Above all, remember others will help you.  Don’t lose sight of yourself – that REALLY important.  Embrace life every day, for our days are numbered.  Don’t lose your spirit or sense of humor; doing that will devour your soul.   Most importantly, God loves you.  He will not forsake you.  If you need to refresh that thought, go back and read the Footprints in the Sand poem.  He truly does carry us through all adversity.  I pray you find the strength to go forward with your role as caregiver, and I hope that I have given you some insight and help on that journey.”

Check out Sandi’s website or or you can order her book on 

If you are local to her in Virginia you can meet her and purchase her book in an upcoming book event:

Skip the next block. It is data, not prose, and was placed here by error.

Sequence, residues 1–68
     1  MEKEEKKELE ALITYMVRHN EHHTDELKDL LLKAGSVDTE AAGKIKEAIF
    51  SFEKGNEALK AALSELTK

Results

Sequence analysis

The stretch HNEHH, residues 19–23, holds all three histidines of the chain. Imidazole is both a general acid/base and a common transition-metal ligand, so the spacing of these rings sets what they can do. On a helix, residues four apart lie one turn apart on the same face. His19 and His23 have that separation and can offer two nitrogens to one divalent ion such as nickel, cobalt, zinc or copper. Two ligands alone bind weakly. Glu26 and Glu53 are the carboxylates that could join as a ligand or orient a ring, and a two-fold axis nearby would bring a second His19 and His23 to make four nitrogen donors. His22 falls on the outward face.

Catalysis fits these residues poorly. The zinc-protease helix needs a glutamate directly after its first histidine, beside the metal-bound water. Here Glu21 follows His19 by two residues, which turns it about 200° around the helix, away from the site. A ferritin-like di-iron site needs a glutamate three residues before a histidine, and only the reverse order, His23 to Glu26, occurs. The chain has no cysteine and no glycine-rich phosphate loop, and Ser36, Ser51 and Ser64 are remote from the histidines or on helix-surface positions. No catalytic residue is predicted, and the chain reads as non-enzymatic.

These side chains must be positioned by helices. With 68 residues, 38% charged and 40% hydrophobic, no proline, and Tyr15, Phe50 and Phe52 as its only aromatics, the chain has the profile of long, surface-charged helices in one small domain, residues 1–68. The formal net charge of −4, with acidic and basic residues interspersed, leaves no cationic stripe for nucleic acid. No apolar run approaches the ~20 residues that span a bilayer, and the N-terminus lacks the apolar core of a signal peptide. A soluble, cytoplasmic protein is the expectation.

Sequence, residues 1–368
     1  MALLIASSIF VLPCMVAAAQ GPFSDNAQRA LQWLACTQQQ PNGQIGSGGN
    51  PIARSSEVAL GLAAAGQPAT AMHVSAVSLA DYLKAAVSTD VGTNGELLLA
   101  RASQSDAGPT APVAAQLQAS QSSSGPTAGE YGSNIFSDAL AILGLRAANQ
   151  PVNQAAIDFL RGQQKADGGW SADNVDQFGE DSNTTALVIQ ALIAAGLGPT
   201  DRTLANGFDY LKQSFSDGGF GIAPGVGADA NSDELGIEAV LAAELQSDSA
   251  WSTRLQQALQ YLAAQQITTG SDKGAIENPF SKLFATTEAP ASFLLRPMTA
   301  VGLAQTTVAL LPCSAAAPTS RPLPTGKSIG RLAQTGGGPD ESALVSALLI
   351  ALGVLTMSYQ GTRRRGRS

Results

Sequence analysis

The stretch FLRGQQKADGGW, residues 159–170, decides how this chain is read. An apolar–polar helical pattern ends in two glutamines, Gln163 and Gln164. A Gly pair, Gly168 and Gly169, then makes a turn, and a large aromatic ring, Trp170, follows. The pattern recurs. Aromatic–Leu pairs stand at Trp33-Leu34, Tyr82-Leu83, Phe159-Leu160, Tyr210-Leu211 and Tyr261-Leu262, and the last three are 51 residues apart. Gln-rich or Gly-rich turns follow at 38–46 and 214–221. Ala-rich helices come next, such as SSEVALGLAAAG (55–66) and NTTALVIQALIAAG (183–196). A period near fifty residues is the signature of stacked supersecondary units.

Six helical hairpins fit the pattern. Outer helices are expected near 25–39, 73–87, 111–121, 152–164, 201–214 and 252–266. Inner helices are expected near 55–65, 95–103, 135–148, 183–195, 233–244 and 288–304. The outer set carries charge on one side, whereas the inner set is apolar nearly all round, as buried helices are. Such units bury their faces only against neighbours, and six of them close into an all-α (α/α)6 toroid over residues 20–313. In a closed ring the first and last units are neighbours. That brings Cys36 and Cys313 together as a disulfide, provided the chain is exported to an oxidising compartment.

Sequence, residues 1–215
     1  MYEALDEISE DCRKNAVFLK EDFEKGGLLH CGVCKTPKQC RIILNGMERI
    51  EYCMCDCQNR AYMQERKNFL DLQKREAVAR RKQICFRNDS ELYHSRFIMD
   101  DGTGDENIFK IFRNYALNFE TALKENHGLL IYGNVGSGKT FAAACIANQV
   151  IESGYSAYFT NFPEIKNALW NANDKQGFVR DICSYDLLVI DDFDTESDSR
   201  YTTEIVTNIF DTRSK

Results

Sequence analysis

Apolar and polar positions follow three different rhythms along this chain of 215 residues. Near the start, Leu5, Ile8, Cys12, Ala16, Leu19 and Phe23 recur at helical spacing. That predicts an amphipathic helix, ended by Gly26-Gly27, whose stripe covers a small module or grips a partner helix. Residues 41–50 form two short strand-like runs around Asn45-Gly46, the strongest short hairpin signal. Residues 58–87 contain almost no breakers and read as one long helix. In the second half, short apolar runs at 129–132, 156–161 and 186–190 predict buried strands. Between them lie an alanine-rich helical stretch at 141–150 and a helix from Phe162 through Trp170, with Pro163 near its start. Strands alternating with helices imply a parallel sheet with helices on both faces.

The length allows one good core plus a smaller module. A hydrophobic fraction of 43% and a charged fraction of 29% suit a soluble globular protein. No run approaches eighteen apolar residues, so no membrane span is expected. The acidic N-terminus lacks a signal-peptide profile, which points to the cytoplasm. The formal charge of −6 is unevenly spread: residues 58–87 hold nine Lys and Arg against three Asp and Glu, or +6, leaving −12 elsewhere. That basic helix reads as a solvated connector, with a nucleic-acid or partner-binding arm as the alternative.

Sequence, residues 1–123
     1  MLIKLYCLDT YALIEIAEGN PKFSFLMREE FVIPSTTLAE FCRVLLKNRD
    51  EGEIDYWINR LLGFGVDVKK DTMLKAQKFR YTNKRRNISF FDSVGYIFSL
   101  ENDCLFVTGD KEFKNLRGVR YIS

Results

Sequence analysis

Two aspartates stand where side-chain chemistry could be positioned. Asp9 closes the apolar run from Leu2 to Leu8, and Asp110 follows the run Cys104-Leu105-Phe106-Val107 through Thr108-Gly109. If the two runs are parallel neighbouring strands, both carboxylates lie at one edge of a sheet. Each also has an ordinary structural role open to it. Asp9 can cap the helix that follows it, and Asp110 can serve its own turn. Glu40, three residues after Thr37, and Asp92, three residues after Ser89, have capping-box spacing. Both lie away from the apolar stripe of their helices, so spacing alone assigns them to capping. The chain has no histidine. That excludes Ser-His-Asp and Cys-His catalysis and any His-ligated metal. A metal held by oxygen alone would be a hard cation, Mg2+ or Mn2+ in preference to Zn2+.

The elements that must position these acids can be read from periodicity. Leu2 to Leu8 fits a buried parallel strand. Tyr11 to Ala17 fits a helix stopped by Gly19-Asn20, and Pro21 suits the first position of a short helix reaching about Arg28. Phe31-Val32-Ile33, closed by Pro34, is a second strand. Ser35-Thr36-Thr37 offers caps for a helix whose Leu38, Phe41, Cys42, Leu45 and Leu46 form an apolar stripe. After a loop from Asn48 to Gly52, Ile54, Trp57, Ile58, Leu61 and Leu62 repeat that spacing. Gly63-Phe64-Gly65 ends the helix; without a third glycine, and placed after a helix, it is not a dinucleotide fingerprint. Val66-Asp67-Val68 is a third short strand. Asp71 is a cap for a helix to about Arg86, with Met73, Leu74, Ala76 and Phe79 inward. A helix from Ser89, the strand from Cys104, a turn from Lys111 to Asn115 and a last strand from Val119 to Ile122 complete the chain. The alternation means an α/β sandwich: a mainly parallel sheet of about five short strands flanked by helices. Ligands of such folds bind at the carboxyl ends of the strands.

Date: November 16, 2013
Time: 12:00 pm to 4:30 pm
Location: Charlottesville & Albemarle American Legion Post 743025 Louisa Road, Keswick, Virginia

Contemplate the decades, continued...

Lifetime Art Impressions, LLC painted keepsake

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I do feel I am like a fine wine getting better with age! Yes, the physical surfaces ailments but the spirit seems to overcome. Intuition is so strong later in life, I love how this is guiding me.

What I know for sure (as Oprah might say) “Whatever your journey has gifted, cherish each and ever moment of your evolution. Love the person you are today, in the here and now, for only this can gift you with more blessings!”

I believe in the infinite spiritual existence and this gifts me with lifetimes of learning and renewals; it is the best way to live!

What are your thoughts?

Wednesday, October 23, 2013

Your heart or head, continued...

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Examiner article